The first year of Broncos QB Peyton Manning's five-year, $96M contract is “guaranteed for $18 million, but another $40 million will be guaranteed if he passes a physical” showing his neck is sound after the first year, according to an NFL source cited by Klis & Legwold of the DENVER POST. If Manning passes that neck exam, another $20M “will be guaranteed in 2013 and an additional $20 million will be guaranteed for 2014.” If he fails the physical “for a reason other than the neck injury, the money will still be guaranteed.” The remaining money in the contract, which is “not guaranteed, would be $38 million through 2015 and 2016, when Manning would be 41 years old.” Klis & Legwold note Manning “clearly made concessions for his neck issue.” Manning said of his new team, "They've got to be protected. That's why the whole medical -- I was as open book as I could be.” It appears Manning “made some concession in his deal with the Broncos as his first-year guarantee was lowered 32 percent compared to his previous deal with the Colts” (DENVER POST, 3/21).
THE PLAYERS: In Denver, Mike Klis writes Broncos Owner Pat Bowlen “came through Tuesday,” and he is “one reason Manning chose the Broncos from a list of at least 10 teams.” Bowlen at Manning’s introductory news conference yesterday said, "This is obviously a huge step in the right direction. The only question I have is how long will it last? I mean, he's the real deal. If I can get four or five or six years out of him, that's going to be a huge thing for this organization” (DENVER POST, 3/21). ESPN.com’s Rick Reilly wrote the reason Manning signed with the Broncos “has everything to do with one man,” Exec VP/Football Operations John Elway. The move was “all about Elway and what he wants and what he doesn't want” (ESPN.com, 3/20). USA TODAY’s Jarrett Bell writes Elway’s presence “undoubtedly is part of the equation when Manning says that one of the reasons he chose Denver is because he saw the organization as a good fit” (USA TODAY, 3/21). In Denver, Woody Paige writes Manning “was comfortable” with coach John Fox, Elway and Bowlen, and he “was comfortable after visiting the Broncos first” (DENVER POST, 3/21). FOXSPORTS.com noted Elway “has proven to be as shrewd and gutsy an executive as he was a quarterback.” No matter how this “ultimately turns out for the Broncos, no matter how many more years Manning can last or how healthy he’ll be, Elway drew on his legacy as a player without allowing it to interfere with his legacy as an executive.” He “thought big, went bold and staked his reputation as a team-builder on one of the few players of any era whose accomplishments could match his own” (FOXSPORTS.com, 3/20). ESPN's Dan Le Batard said Elway “just added to his legacy” by bringing in Manning (“Dan Le Batard Is Highly Questionable,” ESPN2, 3/20).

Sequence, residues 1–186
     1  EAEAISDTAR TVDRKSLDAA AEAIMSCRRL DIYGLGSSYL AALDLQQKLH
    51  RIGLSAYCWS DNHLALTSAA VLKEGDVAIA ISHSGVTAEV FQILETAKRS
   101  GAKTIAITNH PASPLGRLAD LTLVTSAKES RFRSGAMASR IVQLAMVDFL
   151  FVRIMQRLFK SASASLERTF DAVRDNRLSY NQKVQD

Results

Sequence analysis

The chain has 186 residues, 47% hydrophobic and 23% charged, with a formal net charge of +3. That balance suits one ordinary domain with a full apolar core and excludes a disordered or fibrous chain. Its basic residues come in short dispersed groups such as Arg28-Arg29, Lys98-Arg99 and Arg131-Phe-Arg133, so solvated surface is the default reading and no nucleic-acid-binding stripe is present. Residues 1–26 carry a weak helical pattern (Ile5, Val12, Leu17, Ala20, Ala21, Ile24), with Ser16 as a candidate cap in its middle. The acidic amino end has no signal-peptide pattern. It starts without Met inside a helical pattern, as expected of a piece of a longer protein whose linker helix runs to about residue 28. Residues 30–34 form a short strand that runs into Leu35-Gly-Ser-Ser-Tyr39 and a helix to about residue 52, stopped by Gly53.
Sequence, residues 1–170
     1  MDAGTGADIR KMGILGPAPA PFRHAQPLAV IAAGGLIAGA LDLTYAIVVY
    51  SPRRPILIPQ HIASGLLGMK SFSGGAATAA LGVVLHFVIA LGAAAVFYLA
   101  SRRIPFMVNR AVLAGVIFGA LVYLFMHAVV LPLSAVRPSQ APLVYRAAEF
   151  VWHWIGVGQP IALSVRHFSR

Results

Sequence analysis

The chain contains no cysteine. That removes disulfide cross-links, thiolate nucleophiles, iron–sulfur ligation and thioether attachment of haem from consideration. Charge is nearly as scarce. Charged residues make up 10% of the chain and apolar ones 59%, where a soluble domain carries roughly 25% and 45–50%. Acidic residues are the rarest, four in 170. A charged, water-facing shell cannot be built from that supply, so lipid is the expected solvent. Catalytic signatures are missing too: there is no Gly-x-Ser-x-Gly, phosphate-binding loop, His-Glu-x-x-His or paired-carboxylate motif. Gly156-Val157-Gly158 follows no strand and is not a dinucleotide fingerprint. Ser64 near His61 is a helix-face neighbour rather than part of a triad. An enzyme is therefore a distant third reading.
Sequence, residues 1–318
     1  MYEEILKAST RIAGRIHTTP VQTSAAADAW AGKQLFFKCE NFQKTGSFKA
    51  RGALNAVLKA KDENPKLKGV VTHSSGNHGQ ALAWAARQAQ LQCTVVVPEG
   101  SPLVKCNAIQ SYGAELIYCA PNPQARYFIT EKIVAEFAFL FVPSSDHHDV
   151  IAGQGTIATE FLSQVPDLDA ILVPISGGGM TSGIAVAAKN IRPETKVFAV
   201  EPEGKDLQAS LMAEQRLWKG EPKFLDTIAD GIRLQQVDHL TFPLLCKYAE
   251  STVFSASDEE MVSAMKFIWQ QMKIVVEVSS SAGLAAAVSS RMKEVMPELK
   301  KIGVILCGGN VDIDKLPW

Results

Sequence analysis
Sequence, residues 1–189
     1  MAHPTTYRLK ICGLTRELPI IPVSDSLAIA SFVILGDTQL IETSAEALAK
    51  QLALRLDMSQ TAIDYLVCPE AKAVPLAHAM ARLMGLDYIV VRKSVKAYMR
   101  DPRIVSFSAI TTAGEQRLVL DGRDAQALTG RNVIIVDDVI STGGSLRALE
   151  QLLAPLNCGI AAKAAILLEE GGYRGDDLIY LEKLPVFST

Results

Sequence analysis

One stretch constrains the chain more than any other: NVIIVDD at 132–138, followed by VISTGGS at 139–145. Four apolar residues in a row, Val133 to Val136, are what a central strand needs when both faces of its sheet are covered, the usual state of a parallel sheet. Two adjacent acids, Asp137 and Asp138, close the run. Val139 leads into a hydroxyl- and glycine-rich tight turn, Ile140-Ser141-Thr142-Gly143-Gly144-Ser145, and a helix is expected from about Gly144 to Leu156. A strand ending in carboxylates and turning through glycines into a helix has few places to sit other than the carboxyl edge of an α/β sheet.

THE STRATEGY: In N.Y., Andrew Mason writes for all the "private planes, car rides and elegant dinners, the Broncos’ successful pursuit of Manning was defined by three phone calls." The first was “from Fox to Manning on the evening of March 7, just hours after Manning’s emotional farewell news conference.” Fox said, “We kind of felt it out -- what to do, how to do it, because he had obviously never done that before.” That conversation “began the Broncos’ soft sell to Manning,” and it “continued when the sides met at Broncos headquarters on March 9 and again last Friday at Duke University, where Manning worked out for the team.” Mason writes, “Given Manning’s discomfort with the situation, the tactic proved logical” (N.Y. TIMES, 3/21).